Researchers warn, however, that the record may soon be lost as global warming takes its toll on these high-altitude sites, according to a new study in the Journal of Glaciology.
The glacier, Alto dell’Ortles, is the highest large ice body in the eastern Alps, reaching an altitude of 12,812 feet (3,905 meters) above sea level. It is small, though, measuring barely 0.4 square miles (1.04 square kilometers), and only 10 percent of that is likely to hold a good climate record, the researchers said.
“This is a mountain that is very difficult to climb and that has probably prevented researchers and glaciologists from Europe from going up there to study the ice,” explained Paolo Gabrielli, a research scientist with the School of Earth Sciences and the Byrd Polar Research Center, both at Ohio State University.
“But it is an ideal observatory to have monitored climatic change in the region in the past as well as currently.”
Scientists from Ohio State and five European universities made two exploratory visits to the glacier site in the summers of 2007 and 2008 and then, with logistical support from the Fire Protection and Civil Division of the Autonomous Province of Bolzano, used helicopters to carry the team to the site in 2009.
While there, the researchers drilled a shallow 10-meter core at the surface and dug snow pits to gauge how well the ice had been preserved over time. Later analysis showed that while some surface melting had partially degraded the recent record, ice formed before 1980 is likely to be unharmed.
The team also used ground-penetrating radar to map the thickness of the glacier. Based on that, they hope to be able to retrieve a 70-meter-long core through the ice to bedrock. “There is a possibility that we could find ice reaching back 5,000 years, but that’s just speculation until we actually drill,” Gabrielli said.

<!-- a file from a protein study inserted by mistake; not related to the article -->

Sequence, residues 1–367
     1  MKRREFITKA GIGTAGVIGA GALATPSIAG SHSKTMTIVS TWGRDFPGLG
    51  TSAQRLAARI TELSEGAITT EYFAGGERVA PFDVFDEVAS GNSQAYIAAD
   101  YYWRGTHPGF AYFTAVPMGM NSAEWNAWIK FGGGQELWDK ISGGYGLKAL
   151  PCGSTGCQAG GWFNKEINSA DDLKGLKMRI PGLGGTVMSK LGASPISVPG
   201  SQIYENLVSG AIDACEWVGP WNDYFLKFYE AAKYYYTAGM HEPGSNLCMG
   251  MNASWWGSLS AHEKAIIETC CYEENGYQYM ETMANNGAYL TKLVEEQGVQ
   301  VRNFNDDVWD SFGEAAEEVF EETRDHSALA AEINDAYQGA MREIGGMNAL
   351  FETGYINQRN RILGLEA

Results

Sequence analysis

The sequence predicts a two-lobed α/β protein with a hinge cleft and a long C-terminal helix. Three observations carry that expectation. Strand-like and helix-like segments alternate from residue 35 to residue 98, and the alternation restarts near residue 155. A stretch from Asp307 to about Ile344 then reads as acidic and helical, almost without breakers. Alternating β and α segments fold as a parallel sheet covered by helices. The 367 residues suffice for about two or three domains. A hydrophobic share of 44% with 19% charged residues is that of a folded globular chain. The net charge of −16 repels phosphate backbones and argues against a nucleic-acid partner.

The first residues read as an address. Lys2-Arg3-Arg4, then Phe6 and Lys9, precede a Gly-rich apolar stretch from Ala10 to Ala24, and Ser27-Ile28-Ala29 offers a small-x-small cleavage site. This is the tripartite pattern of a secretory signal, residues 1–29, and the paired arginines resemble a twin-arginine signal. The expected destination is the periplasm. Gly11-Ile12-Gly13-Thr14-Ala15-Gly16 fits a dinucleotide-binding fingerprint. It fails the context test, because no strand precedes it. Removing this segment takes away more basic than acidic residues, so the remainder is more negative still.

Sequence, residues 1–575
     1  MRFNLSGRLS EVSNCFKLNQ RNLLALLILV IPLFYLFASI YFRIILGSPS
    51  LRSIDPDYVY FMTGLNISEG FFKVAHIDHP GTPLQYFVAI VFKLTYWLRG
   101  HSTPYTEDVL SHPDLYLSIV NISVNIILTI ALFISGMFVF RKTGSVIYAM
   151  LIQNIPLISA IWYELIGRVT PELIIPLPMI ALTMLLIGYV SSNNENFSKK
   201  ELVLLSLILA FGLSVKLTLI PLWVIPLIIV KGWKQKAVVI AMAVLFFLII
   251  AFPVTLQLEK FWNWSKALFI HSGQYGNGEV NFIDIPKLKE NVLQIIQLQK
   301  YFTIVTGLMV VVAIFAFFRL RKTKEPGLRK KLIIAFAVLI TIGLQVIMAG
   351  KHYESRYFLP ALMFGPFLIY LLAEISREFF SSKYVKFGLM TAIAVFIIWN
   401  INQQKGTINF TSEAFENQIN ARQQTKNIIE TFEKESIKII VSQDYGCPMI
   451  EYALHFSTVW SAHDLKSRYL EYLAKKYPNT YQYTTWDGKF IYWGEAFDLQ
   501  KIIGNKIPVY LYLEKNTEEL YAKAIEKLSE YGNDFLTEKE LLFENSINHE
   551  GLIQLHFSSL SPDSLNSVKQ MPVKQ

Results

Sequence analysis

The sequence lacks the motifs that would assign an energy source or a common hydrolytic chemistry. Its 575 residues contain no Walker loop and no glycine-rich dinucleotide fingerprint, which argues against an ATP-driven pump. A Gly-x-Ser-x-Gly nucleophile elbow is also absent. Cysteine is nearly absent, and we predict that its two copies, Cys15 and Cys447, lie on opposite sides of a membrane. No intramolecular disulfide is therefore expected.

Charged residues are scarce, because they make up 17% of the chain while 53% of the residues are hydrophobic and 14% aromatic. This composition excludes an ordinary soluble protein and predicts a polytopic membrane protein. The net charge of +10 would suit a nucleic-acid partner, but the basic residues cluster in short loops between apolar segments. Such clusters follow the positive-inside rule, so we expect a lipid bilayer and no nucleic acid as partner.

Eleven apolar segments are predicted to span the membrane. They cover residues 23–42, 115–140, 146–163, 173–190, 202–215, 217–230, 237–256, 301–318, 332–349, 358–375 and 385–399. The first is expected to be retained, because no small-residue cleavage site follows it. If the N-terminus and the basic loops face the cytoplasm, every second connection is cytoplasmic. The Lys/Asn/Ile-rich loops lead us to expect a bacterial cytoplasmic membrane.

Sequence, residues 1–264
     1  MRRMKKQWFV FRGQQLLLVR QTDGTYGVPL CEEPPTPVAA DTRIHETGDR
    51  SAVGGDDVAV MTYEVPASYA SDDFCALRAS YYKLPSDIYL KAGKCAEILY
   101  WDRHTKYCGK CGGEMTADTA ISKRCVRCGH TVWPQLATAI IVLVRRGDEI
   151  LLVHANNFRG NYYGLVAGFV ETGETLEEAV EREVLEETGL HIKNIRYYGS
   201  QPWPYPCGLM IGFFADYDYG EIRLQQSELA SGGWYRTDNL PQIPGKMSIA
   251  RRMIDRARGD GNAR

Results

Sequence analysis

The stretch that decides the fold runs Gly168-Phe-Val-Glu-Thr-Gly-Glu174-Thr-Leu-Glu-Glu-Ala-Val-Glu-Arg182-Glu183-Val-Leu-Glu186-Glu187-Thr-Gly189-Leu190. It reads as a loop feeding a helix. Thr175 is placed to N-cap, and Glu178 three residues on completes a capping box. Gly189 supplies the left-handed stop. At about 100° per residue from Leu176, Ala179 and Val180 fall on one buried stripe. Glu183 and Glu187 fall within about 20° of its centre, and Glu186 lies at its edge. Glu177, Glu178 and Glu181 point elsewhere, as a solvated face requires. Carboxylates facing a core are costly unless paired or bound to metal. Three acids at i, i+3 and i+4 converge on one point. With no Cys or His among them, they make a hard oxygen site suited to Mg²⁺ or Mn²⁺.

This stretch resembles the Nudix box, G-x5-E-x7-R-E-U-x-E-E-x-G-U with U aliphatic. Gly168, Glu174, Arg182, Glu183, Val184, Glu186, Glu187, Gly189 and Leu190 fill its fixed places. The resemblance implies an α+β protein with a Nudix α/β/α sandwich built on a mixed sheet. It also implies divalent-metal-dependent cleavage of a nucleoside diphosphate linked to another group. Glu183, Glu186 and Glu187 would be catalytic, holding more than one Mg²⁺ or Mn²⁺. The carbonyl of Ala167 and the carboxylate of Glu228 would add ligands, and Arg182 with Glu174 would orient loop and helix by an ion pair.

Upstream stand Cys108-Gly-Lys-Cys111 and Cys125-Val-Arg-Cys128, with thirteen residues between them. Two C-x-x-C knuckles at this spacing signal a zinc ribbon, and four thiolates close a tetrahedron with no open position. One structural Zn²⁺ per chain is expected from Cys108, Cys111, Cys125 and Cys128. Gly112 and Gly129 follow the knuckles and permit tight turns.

The Ortles site is unique in the Eastern Alps, they say, since it offers the chance to reconstruct the human history of the region along with the past ecosystems and climate, and show, perhaps, the relationship between the three.
“We hope to find out how these three factors interacted. We’d like to find evidence of whether climate conditions influenced the development of agriculture here, or even the start of primitive mining and smelting operations. We may even be able to see indications in the ice record of when people came to the region,” he said.
Once full cores were retrieved, the ice samples would be analyzed for a host of climate signals, including oxygen isotope ratios, heavy metals, organic material, sulfates, chlorides, dust, pollen and volcanic ash that offer indications of past climate conditions. That record would then be compared to records from other cores drilled from ice caps around the globe.
The research team has submitted a proposal to the National Science Foundation to support the planned drilling project.
“This is basically the only hope of finding a record of changing climate conditions at high elevations in this part of Europe,” he said, adding, “but unfortunately, time is running out to save this ice.”
Working with Gabrielli on the project were Lonnie Thompson, Mary Davis, and Victor Zagorodnov, all from Ohio State; L. Carturan and G. Dalla Fontana, both from the University of Padova; J. Gabrieli and C. Barbante, both from the University of Venice; R. Dinale from the Autonomous Province of Bolzano; K. Krainer from the University of Innsbruck; H. Hausmann from the Vienna University of Technology, and R. Seppi from the University of Pavia.Contact: Paolo Garbrielli, (614) 292-6664; Gabrielli.firstname.lastname@example.org
Paolo Garbrielli | EurekAlert!
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